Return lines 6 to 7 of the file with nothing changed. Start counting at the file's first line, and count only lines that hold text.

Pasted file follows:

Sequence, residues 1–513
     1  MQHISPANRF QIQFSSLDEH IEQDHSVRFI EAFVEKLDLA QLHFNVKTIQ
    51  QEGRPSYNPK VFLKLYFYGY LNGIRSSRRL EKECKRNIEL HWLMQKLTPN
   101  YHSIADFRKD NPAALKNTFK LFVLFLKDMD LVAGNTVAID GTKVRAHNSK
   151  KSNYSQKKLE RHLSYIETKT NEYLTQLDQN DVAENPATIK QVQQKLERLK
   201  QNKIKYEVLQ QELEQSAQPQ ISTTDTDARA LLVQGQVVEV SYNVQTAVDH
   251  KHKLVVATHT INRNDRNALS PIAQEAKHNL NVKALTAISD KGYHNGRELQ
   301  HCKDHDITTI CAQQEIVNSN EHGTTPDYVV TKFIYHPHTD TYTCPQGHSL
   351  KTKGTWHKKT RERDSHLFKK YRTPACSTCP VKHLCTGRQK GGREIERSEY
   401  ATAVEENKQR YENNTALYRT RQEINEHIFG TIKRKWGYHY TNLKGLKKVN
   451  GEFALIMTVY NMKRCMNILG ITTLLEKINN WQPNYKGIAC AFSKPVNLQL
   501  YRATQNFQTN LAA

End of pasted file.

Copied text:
   201  QNKIKYEVLQ QELEQSAQPQ ISTTDTDARA LLVQGQVVEV SYNVQTAVDH
   251  KHKLVVATHT INRNDRNALS PIAQEAKHNL NVKALTAISD KGYHNGRELQ